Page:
You’ve been verifying I-9’s since the Immigration Reform and Control Act became effective in 1986. Imagine your surprise to receive a letter from the Civil Rights Division of the U.S. Department of Justice notifying you that you are being investigated for document abuse discrimination in the employment eligibility verification process.
H&M International employee Ehnae Northington, the future plaintiff, was dating co-worker Terrell Maghett. Unfortunately, Maghett was already involved in a seven-year-long dating relationship with another female coworker, Shequita Sims. When Sims became suspicious that Maghett was involved with Northington, she made verbal and physical threats against Northington. Eventually, Sims physically assaulted Northington outside of work, and later pled guilty to battery.
Just in time to finish off the year and get 2013 off to a good start, on December 11, 2012, the Tenth Circuit handed down a ruling clarifying and/or reiterating several rules of employment discrimination law—all in favor of employers. This ruling should not change your daily practices, but it does add some extra armor, if you ever find yourself in a lawsuit.
Not all discrimination claims are created equal. To prove reverse sexual discrimination against a male employee requires greater proof than gender discrimination claims filed by women. The United States Circuit Court of Appeals for the Tenth Circuit reiterated that point in a recent case. The case highlights judicial deference to an employer’s business judgment in reductions in force…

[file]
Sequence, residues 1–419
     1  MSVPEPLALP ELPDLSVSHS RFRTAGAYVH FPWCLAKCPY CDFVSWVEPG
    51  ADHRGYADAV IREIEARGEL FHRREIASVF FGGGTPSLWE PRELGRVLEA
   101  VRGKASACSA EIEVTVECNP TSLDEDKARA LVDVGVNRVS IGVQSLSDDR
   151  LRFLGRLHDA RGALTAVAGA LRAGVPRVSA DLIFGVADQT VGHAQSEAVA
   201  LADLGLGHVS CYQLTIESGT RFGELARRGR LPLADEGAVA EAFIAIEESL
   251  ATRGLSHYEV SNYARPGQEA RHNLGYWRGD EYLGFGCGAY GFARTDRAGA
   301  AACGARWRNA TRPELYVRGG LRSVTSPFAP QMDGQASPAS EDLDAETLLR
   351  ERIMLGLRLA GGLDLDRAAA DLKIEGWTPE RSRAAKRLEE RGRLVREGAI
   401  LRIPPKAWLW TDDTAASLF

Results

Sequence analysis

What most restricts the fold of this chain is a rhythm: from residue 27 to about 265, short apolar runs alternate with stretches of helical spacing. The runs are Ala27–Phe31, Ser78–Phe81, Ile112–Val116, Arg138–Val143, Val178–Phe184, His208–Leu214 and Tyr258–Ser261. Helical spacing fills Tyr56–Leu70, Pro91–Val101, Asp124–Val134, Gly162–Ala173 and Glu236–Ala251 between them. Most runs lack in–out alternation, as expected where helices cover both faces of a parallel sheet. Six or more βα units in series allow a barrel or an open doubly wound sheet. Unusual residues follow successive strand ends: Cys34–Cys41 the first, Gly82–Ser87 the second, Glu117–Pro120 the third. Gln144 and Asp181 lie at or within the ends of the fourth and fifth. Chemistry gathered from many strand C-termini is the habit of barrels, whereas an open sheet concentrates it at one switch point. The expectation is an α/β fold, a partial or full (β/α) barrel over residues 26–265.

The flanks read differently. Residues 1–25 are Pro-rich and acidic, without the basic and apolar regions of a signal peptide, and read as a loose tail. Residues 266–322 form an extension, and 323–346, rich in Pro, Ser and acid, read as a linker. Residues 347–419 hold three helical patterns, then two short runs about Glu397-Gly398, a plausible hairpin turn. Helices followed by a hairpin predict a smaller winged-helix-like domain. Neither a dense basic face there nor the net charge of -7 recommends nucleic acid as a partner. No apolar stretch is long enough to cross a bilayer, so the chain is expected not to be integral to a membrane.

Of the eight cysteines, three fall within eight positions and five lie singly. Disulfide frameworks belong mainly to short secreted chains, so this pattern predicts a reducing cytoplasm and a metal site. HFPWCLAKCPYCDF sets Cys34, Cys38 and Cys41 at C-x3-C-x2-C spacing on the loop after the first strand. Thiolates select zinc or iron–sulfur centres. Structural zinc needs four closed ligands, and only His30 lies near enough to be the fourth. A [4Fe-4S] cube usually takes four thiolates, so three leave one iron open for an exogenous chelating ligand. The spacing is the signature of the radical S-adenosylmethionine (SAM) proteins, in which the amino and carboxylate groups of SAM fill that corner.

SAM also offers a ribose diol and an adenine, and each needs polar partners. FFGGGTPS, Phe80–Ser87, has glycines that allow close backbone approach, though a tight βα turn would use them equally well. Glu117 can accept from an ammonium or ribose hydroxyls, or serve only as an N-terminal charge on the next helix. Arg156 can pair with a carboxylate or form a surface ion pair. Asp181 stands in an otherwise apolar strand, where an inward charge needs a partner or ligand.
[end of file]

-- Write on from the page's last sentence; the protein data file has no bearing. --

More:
Vulgar banter, homophobic epithets and lewd gestures apparently don’t rise to the level of unlawful harassment and discrimination under Title VII, especially if you are not homosexual or noticeably effeminate. So says the Fifth Circuit Court of Appeals in its decision handed down last week.
Want some free anti-harassment and anti-discrimination training? Well, have I got a deal for you! Mystery Diners is a reality show on the Food Network. The show’s concept involves a father-daughter team who pretend to be employees and/or customers at a target restaurant in order to help the owner uncover the “leaks in the dam” so to speak.
In 1963 the Oklahoma Legislature created the Oklahoma Human Rights Commission (OHRC) to implement the Legislature’s mandate of “removing friction, eliminating discrimination, and promoting unity and understanding among all the people of Oklahoma.” The legislation was part of the national civil rights movement…
During the last couple of years, the Equal Employment Opportunity Commission has become more active in bringing employment discrimination suits against employers. That strategy has been most common in cases where the EEOC accuses an employer of some form of class-based wrongdoing and files an action against a company on behalf of multiple individuals. However, [...]